A sprinkling of rain created the conditions for a thrilling, action-packed Hungarian Grand Prix that saw some bouncing into the summer break with a spring in their step and others left to rue what might have been. We’ve picked out our seven winners and six losers from the Hungaroring…
Winners: Esteban Ocon and Alpine
Esteban Ocon added himself to the history books as he became the 111th driver to win a World Championship race in his 78th start.
Sure, there was some good fortune as he kept his nose clean through the first corner melee, but he still held his nerve under intense pressure from Sebastian Vettel to grab the victory and become the 14th French driver to win in F1 to boot.
The last French driver to win in a French car with a French engine was Alain Prost in the 1983 Austrian Grand Prix with Renault. This was the Enstone team’s 50th win and first under the Alpine banner.
And with Fernando Alonso playing a key role in holding off Lewis Hamilton for around 10 laps to neutralise the threat to Ocon’s lead, as well as crossing the line fifth, the team’s points haul lifted them two places to fifth in the constructors’ championship.
Loser: Valtteri Bottas
Valtteri Bottas had looked quick all weekend as he continued his upturn in form by locking out the front row alongside team mate Hamilton. But his race lasted just a few hundred metres after he misjudged his braking point and slid into the back of Lando Norris.
This was the first time in his career that the Finn has retired on the opening lap of a race. To his credit, he held his hands up and took the blame, while also apologising to Norris and Sergio Perez, who were both forced to retire because of the collision Bottas caused.
Winners: Sebastian Vettel and Aston Martin
There were signs of the old Sebastian Vettel in Hungary on Sunday, the German heaping the pressure on Ocon when he sniffed the chance of victory. Had he not lost a few seconds in the pit stop, he might have been able to jump the Frenchman.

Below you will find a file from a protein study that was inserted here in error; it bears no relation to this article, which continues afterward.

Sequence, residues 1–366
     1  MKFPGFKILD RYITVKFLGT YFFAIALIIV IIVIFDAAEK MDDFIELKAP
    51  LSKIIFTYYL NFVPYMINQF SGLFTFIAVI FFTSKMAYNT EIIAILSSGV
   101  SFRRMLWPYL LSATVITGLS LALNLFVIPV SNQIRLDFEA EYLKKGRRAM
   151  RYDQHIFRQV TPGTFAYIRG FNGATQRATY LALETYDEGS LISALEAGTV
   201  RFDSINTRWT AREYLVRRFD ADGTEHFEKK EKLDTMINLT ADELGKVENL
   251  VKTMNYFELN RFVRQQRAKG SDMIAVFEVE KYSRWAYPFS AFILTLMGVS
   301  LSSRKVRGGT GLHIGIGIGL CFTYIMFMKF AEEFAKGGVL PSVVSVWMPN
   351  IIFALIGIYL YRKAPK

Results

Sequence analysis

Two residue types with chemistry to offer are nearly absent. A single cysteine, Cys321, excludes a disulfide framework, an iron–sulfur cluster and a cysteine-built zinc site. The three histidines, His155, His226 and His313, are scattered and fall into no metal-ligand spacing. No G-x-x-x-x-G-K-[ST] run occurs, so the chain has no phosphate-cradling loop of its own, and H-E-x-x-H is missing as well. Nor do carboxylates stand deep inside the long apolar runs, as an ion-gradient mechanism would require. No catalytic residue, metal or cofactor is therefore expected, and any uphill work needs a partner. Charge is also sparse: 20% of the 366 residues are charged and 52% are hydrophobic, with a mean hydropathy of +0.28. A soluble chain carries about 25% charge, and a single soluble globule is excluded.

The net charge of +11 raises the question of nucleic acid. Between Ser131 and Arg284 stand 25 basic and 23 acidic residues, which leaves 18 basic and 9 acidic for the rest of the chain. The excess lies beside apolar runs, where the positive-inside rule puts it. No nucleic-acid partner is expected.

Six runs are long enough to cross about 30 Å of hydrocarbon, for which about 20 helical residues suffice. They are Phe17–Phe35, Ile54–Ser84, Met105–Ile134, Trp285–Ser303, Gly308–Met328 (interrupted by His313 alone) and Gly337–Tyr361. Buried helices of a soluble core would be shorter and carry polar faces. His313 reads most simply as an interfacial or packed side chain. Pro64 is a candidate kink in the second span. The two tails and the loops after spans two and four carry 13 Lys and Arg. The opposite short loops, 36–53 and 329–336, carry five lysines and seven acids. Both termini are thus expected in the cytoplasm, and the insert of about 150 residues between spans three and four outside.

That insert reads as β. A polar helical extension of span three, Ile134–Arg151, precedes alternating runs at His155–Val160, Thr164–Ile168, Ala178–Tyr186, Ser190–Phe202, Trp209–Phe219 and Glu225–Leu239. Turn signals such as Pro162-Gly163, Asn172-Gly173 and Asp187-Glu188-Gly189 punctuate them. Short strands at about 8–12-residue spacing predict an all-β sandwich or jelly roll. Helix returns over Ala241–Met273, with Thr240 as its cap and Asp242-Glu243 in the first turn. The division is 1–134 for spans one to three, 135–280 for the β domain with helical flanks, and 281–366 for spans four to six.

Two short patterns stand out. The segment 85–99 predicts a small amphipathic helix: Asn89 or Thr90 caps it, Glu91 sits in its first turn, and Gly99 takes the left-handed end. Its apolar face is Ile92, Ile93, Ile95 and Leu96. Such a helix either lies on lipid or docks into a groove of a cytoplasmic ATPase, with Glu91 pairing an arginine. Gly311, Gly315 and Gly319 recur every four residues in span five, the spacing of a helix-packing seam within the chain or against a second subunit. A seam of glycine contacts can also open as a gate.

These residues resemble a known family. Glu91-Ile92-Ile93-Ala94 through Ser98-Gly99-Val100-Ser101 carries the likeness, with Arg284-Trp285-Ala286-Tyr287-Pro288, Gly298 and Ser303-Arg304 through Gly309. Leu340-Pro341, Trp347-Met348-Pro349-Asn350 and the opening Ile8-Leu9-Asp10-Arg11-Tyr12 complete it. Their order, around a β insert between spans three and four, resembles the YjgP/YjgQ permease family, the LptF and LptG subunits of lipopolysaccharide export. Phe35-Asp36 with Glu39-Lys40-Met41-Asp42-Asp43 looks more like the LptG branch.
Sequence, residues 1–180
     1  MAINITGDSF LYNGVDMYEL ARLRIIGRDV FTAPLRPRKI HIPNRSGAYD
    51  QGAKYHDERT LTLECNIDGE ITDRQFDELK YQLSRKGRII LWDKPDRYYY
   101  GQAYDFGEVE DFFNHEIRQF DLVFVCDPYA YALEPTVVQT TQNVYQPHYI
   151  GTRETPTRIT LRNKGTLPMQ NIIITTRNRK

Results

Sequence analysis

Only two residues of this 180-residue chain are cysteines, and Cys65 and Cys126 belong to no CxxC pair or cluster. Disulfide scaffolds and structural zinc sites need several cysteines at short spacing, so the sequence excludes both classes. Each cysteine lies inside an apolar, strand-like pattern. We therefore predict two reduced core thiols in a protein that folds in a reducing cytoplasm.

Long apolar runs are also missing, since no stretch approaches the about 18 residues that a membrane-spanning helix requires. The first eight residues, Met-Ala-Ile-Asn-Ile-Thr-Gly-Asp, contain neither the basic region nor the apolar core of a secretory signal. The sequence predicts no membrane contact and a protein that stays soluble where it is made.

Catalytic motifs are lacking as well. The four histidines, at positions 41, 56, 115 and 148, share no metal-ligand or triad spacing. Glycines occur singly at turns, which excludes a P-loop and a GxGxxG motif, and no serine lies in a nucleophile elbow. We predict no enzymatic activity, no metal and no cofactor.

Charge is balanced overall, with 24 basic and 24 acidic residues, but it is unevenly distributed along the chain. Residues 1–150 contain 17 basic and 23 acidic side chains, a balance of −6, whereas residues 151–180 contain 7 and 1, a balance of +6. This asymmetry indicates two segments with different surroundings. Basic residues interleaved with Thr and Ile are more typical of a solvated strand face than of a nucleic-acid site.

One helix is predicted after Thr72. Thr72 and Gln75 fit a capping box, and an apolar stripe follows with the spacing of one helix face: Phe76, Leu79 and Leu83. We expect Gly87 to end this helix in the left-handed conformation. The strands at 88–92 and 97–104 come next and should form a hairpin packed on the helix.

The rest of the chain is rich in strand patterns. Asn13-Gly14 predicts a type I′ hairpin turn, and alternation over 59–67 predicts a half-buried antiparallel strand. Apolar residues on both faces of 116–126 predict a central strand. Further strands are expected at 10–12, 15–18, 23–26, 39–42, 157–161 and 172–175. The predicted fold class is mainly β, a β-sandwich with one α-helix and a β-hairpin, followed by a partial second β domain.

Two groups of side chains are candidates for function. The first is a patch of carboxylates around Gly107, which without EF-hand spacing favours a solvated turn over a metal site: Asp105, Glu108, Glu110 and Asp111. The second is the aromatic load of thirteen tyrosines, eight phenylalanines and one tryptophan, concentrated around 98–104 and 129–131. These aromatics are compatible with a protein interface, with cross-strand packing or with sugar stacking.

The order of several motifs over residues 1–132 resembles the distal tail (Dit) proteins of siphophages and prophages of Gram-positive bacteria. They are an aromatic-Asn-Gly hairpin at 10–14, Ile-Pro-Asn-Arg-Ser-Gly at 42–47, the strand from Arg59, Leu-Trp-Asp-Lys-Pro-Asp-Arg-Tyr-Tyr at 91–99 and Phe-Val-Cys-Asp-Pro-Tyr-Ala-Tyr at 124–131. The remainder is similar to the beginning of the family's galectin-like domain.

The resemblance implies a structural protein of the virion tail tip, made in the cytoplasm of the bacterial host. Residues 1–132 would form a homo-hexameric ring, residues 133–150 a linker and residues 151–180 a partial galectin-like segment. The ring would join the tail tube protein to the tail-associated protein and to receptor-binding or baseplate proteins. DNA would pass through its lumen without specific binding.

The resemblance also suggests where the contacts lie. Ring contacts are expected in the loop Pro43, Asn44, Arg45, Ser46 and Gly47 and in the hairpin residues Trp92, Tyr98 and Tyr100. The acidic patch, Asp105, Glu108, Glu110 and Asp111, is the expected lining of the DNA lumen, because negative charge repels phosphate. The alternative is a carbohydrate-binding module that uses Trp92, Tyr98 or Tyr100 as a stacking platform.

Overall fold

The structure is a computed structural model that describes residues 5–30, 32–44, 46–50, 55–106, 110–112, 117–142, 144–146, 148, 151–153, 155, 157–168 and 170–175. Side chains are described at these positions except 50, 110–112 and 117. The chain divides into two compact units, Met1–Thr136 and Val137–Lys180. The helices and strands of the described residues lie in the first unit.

But second at the line was nonetheless a very impressive result, in what was his second podium of the year and eighth rostrum at the Hungaroring.
It was a strong way to end the first half of the season while the points were crucial to Aston Martin in their tight fight with Alpine and AlphaTauri for fifth in the constructors’ championship – but then there was a twist on Sunday night….
2021 Hungarian Grand Prix: Ocon and Vettel run to the podium
Losers: Sebastian Vettel and Aston Martin
Vettel stopped out on track, rather than returning to the pits, after finishing the Grand Prix and it later emerged race officials were unable to take the required fuel sample.
As a result, Vettel was disqualified from the event, robbing him of the team’s and his second podium of the year. Aston Martin said they will appeal, which is no surprise considering the large number of points at stake.
Winner: Lewis Hamilton
Lewis Hamilton remained calm on team radio when he found himself sat on the grid by himself for the restart as everyone else dived into the pits, despite knowing he would drop from first to last when forced to pit the following lap.
But he kept his cool and picked his way through the field, finally getting by Alonso after a titanic battle before picking off Carlos Sainz to take third, which became second when Vettel was disqualified. He wasn’t feeling too well when he got out of the car, experiencing fatigue and mild dizziness.
But he can take some comfort in the standings, which see him retake the championship lead for the first time since before the Monaco Grand Prix, as he now heads Max Verstappen by eight points, a swing of 40 in two races.
Losers: Max Verstappen
This has not been a good couple of events for Verstappen and Red Bull, with the team scoring just five points – including those collected in the F1 Sprint – courtesy of the Dutch racer. In Hungary, they appeared a fraction off Mercedes in pure performance, with Verstappen’s race taking a blow when he was hit at the start, causing significant damage to his RB16B – and his title hopes.